I think this post should begin with a few sayings: “Never say never”, “When hell freezes over”, “Once in a blue moon”, “I would rather shoot myself”, “Over my dead body”, but the best suited one for this post comes from Ciprian Jichici, the Microsoft Regional Director from Romania: “In this line of business, there’s no room for talibanisms”.
I will be talking about developing Sidebar gadgets. These Sidebar gadgets are small applications that offer useful information, do frequent tasks more easily, or just offer a good laugh for the Windows Vista user. Until recently, I’ve been trying very hard to stay away from technologies like JavaScipt and PHP because it is my personal opinion that they fall miles away from a proper programming language (C#, VB.NET, C++). I won’t go into the details of why I dislike these languages.
From here, the purpose of the new gadget has to be formulated. It can be as simple as “Hello World”, or as complicated as interfacing with your Windows Media Player. The first step is to go over to the Live Gallery dedicated to Vista Sidebar Gadgets and have a look at what’s out there. I settled on creating a gadget that would display the postal code (ZIP) for a given address from Romania. I chose this because I had been searching too many times for postal codes on websites. The gadget is a very welcomed shortcut. The data is to be obtained from one of the many sites that offer Romanian ZIP search. The only requirement is to be able to pass the search string as a query string directly in the URL to keep things simple. I settled on http://coduri-postale.ro.
<input type="button" value="Flyout" onclick="flyout();" />
The gadget.xml file contains the name, author, description of the gadget, but also it specifies the main source file for the gadget in the <base> node from <hosts>. The file also contains the path to an icon which represents the gadget and an image to display (defaultImage in <hosts>) while dragging the gadget (only when dragging it from the “Add Gadgets” window).
<?xml version="1.0" encoding="utf-8" ?>
<!-- The name will appear on the Gadget Tile and settings window -->
<name>[ YOUR GADGET NAME ]</name>
<namespace>[YOUR CUSTOM NAMESPACE]</namespace>
<author name="[AUTHOR NAME]">
<info url="[URL FOR INFO]" />
<!-- The logo file will display on the more details window of the Gadget Tile window -->
<logo src="logo.png" />
<copyright>© [COPYRIGHT INFO]</copyright>
<!-- The description displays in the Gadget Tile window when the Gadget is selected -->
<icon height="48" width="48" src="icon.png" />
<base type="HTML" apiVersion="1.0.0" src="gadget.html" />
<platform minPlatformVersion="1.0" />
<defaultImage src="drag.png" />
One can specify a settings HTML page by setting the settingsUI property of System.Gadget. The settings page cannot be opened programmatically, only by the user’s action (the settings button that the runtime creates for each gadget that supports settings automatically). The event onSettingsClosed is raised whenever the settings page closes, either by pressing ok or cancel. The onSettingsClosing event can be handled in order to save settings. It’s handlers have a parameter which has a property closeAction. If this property is event.Action.commit, where event is the parameter passed to the handler, then the ok button was pressed. In order to write settings, one calls the write method and for reading, the read method of System.Gadget.Settings.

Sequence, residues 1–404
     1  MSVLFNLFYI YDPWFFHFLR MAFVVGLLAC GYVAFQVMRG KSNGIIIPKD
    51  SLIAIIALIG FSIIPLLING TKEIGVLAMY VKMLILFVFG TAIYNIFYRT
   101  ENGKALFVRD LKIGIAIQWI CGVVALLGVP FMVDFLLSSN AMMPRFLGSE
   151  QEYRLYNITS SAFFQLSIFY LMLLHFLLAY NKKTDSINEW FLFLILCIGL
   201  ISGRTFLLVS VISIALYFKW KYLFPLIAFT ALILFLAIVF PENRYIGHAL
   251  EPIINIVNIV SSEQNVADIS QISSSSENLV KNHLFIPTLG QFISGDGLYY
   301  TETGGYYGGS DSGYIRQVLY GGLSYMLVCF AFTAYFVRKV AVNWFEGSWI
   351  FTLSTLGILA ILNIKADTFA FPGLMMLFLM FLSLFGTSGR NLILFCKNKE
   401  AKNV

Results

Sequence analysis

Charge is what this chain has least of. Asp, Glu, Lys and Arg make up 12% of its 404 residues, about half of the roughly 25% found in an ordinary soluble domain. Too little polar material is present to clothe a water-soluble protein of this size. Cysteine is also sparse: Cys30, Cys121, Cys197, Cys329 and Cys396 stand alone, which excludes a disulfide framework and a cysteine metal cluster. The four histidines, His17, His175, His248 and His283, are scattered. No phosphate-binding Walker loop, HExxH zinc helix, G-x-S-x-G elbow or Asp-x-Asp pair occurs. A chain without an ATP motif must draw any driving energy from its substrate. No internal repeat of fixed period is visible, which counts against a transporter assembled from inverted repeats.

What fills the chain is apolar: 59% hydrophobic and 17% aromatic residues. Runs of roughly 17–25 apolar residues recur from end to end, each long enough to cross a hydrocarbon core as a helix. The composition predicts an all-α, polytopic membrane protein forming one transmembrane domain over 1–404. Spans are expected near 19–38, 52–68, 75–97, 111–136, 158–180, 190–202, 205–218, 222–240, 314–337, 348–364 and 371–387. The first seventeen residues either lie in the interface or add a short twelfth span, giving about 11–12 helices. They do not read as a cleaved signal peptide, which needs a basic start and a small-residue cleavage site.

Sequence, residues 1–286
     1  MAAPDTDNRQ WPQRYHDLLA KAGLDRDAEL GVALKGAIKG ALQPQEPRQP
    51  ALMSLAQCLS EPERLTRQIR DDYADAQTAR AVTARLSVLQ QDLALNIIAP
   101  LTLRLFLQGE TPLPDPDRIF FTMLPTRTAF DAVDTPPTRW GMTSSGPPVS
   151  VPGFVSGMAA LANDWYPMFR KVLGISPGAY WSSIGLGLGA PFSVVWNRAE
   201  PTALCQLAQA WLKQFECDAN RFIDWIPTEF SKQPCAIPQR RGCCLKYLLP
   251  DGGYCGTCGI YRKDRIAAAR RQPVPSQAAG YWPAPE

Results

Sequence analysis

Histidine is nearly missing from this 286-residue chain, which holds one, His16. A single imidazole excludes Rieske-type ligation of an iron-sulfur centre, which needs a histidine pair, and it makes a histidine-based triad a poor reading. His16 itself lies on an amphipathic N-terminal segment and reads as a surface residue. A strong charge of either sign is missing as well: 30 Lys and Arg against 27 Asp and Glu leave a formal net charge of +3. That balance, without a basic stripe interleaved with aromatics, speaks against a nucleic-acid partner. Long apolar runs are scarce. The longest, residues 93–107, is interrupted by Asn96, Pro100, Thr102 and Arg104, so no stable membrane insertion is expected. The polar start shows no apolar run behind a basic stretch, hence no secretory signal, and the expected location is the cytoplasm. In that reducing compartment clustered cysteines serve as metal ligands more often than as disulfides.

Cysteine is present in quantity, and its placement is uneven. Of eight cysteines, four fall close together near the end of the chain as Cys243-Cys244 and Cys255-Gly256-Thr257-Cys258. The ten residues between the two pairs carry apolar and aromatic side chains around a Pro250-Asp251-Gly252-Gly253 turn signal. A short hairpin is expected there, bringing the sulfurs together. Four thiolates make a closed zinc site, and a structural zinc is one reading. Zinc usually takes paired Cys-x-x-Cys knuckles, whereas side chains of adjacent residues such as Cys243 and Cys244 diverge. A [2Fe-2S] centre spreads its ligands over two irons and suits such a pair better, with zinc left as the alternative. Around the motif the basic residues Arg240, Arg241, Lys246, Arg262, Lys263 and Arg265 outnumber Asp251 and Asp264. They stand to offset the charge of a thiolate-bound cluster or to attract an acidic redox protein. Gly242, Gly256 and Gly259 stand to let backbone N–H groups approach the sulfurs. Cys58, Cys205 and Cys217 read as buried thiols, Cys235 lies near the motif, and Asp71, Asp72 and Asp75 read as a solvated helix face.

var xmlhttp = false;
xmlhttp = new ActiveXObject("Msxml2.XMLHTTP");
xmlhttp = new ActiveXObject("Microsoft.XMLHTTP");
The simplest usage scenario involves using the GET http verb in order to simply retrieve a page.
xmlhttp.open("GET", url, true);
//do something with ret;
//anything other than success can
//be treated as an error
Sometimes it’s useful to do a POST request in order to get to a page that cannot be accessed through an URL. For example for filling out a form in order to obtain some search results (that are not accessible through URL query string parameters). Besides changing the GET into POST, you must also specify the form parameters just as you would query string parameters,only without “?” (‘par1=val1&par2=val2’) and pass the resulted string to the send method of the request object. Also, some HTTP header have to be set: Content-Type to “application/x-www-form-urlencoded” in order to pass the parameters of the form, Content-length to the length of the string of parameters and Connection to “close” in order to specify that the connection is to be closed once the response is obtained.
xmlhttp.open("POST", url, false);
//do something with ret
// error occurred
This concludes a basic, but comprehensive article on developing Sidebar gadgets. Even though I was not very specific, I hope you will have no problem stating your own gadget after reading this post.
Currently I have developed 2 gadgets: one to display postal codes from Romania and one to search for schedule and route information for urban transportation in a few major cities from Romania. The source code for these gadget can be obtained by installing them, then by getting the contents of the “C:\Users\%YourUser%\AppData\Local\Microsoft\Windows Sidebar\Gadgets\GadgetName” folder. Also, these two gadgets are competing in the Romanian edition of Gadget Competition. You can download and vote for my gadgets by clicking the two screenshots below.